From Getting Old, a chapter in my new memoir: Shopping with Mama: Write ’Til the End. Buy my book and read more at

The Good Luck Club

Female friendships that work are relatioships in which women help each other belong to themselves.  — Louise Benikow

53.jpgOnce or twice a year, Mama; my sister, Carol; my daughter, Kirsten; and I would have a sleepover, climb into our pajamas and talk. Each woman got her chance to spill the beans—if there were beans to spill—or just laugh, drink, eat and commiserate. We were girls telling jokes, acting crazy, depressed, happy, cynical, silly, or whatever we really were in the company of our peers. Afterwards we found we could deal better with the pile on our plates, and sometimes gather the courage to smash the plate altogether. 

My grandmother’s generation had called this conclave The Little Helper’s Club: their tribe of womenfolk who helped each other with whatever life threw their way—some predicament, their husbands, or children. They may not have had much power in the outside world, but they had one hell of a responsibility inside the family frame. They got things done, moved themselves and their families forward. The name morphed into the Good Luck Club for Mama, Carol, Kirsten, and me.

True, we had a few fiascos when one of us got too honest or pushy. There were meltdowns, or one would leave with her feelings hurt. The group was for support, for God’s sakes! So, we would self-correct and behave. 

But as everybody knows: Girls rule! Certain things seem to transpire only when women are alone together. Here are a few snippets.

In Mama’s living room: “It’s fascinating to me to watch the dynamic, the various things that go on between husband and wife,” Mama said, settling back into her club chair and putting her feet up on the needlepoint footstool. “All for different reasons, of course. It’s like a dance to me.

“A dance implies something a little more beautiful,” I said.

“Yeah, some of it isn’t so beautiful, just a jumpin’ and a jivin’,” Kirsten added, pushing back a long strand of her russet hair. This time she’d brought her new baby daughter, Mena Claire, to our gathering—her gift to her grandmother, a baby, a namesake.
“Mena Claire throws me into a total trance. Look at me: I’ve got the smile of a complete simpleton on my face.”

Mena Claire gooed at her. She looked like a Scandinavian baby with her red cheeks and ribbed t-shirt.

Mama changed tack. “I need your help, girls. I don’t know if I’m going through retribution, hell on earth, or revelation, but I’m beginning to realize what a plain ole stinking person I can be! There’s a little blue car over at the McCuskers’, and I don’t know whose it is. My first inclination was to call Mary Jo and say, ‘Come on, Mary Jo, since you never come by and see me anymore, I would certainly like for you to just tell me who is living at the McCuskers’ now.’ I feel like someone should tell me that.”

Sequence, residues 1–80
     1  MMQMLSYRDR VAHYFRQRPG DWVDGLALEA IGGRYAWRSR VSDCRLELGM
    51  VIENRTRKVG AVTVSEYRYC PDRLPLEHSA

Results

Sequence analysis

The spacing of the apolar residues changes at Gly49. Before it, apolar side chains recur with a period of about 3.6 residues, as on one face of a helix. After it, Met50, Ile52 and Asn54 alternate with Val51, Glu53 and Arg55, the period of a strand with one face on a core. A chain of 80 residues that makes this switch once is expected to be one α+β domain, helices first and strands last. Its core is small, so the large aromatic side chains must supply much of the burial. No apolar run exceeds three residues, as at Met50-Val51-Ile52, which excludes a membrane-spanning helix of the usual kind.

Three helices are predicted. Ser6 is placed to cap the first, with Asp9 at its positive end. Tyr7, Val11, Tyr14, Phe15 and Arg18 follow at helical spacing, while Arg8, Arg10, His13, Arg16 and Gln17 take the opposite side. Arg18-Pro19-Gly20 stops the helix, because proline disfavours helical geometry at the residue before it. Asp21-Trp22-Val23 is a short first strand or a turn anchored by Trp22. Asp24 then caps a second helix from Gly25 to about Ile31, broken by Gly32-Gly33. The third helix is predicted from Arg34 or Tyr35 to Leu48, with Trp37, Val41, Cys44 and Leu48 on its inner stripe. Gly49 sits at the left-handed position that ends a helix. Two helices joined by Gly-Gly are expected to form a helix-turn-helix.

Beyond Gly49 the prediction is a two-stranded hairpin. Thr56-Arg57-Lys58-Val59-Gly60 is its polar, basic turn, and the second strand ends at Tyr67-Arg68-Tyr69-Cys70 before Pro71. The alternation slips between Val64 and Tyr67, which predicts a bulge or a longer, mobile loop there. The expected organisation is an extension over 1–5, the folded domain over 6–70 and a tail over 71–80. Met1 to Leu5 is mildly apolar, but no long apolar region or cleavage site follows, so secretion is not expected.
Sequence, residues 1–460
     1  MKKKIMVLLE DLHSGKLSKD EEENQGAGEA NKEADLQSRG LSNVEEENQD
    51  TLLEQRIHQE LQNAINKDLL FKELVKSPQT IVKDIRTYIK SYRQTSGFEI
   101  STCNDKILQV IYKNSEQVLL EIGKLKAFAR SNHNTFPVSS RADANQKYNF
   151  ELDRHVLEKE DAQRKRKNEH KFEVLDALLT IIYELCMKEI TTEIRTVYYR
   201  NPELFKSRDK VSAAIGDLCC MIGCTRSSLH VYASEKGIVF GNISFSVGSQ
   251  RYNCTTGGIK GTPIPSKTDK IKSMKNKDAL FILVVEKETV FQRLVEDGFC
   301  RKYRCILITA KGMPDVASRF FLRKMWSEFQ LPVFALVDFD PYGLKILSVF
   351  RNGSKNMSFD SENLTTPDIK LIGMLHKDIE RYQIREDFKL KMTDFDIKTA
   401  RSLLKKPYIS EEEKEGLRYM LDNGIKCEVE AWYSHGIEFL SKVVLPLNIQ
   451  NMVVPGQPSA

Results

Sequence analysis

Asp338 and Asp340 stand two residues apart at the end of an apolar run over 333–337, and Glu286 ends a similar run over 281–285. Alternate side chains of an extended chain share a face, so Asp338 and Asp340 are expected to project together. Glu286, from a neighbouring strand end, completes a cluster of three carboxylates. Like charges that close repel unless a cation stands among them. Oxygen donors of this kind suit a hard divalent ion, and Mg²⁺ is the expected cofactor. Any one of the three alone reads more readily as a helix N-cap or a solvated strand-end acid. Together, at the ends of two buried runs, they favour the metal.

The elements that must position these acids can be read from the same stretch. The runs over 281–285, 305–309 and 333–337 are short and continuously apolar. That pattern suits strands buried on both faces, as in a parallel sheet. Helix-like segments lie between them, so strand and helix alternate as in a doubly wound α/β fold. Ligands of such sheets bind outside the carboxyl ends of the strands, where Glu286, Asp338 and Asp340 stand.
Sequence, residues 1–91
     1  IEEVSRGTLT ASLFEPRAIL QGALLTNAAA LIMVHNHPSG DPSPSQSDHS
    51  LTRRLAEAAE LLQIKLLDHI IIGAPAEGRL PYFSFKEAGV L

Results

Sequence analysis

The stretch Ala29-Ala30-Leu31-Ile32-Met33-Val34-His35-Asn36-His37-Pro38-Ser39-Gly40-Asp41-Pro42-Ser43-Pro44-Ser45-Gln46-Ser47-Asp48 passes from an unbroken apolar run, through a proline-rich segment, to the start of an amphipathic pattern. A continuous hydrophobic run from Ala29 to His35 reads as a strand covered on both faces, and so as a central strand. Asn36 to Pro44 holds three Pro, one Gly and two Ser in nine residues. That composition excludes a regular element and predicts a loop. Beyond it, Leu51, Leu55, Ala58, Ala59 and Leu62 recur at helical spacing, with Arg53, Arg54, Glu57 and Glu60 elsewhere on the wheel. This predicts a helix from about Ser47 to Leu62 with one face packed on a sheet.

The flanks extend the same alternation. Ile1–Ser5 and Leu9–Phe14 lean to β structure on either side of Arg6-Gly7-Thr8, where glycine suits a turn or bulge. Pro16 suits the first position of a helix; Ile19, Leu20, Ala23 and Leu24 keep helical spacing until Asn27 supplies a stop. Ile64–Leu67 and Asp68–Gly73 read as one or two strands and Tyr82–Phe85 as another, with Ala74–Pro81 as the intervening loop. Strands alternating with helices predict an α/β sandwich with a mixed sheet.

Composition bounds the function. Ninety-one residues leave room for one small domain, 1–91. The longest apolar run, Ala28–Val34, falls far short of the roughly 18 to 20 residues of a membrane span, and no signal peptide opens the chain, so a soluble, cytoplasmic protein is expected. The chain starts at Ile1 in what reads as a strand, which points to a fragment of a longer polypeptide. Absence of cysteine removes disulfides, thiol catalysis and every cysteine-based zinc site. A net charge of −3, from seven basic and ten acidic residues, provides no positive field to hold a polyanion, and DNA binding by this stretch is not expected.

“Mama,” I chastised. “Mary Jo’s not leaving you out. She’s busy. She works. She does so much for you.” I identified with Mary Jo.

“No. Nothing is the same any more, Marion. It’s not right for Mary Jo to all of a sudden ignore me, not after all these years together. It’s not right. I helped her get that house, introduced her to people around here. Now, I may as well not exist. And then I think: Let it go, Mena. Don’t get your knickers in a knot. But can I really change at this stage of my life and be a nice person instead of a mean old bitch?”

“Well, how do you think you’re going to handle it, Grandma?” Kirsten, the expert questioner, proffered.

“I just made the first move,” Mama said. “I aired my beef to my two kinsmen. Tell me the truth, not something just to spare my feelings. Here I am. I have lived this long and I’m not any better than I ever was. In fact, I’m worse.”

“Hmmmm. I can see how that would be troubling,” Kirsten mused out loud.

“I do not want that sweet little namesake of mine to ever know what a real bitch I can be,” Mama warned. 

“But that’s her birthright, Granny. It’s important for her to know the foibles of even the greatest. Maybe it doesn’t sound good, but it’s human. Everyone harbors grudges and complaints. We all have our low and small-minded moments. That’s okay. It’s human. I don’t like being around saints.”

“Do you know any saints?”

Kirsten thought. “Yeah, one. Joan.”

“They’re flat as batter cakes,” Mama said.
“Poke Salad.”

“If I were sober, I would know what that is. What do I do with it?” Mama asked.

“Put it in your nose,” Kirsten said.


We descend into silliness.


More can be be read about women propagating good luck in Shopping with Mama: Write ‘Til the End.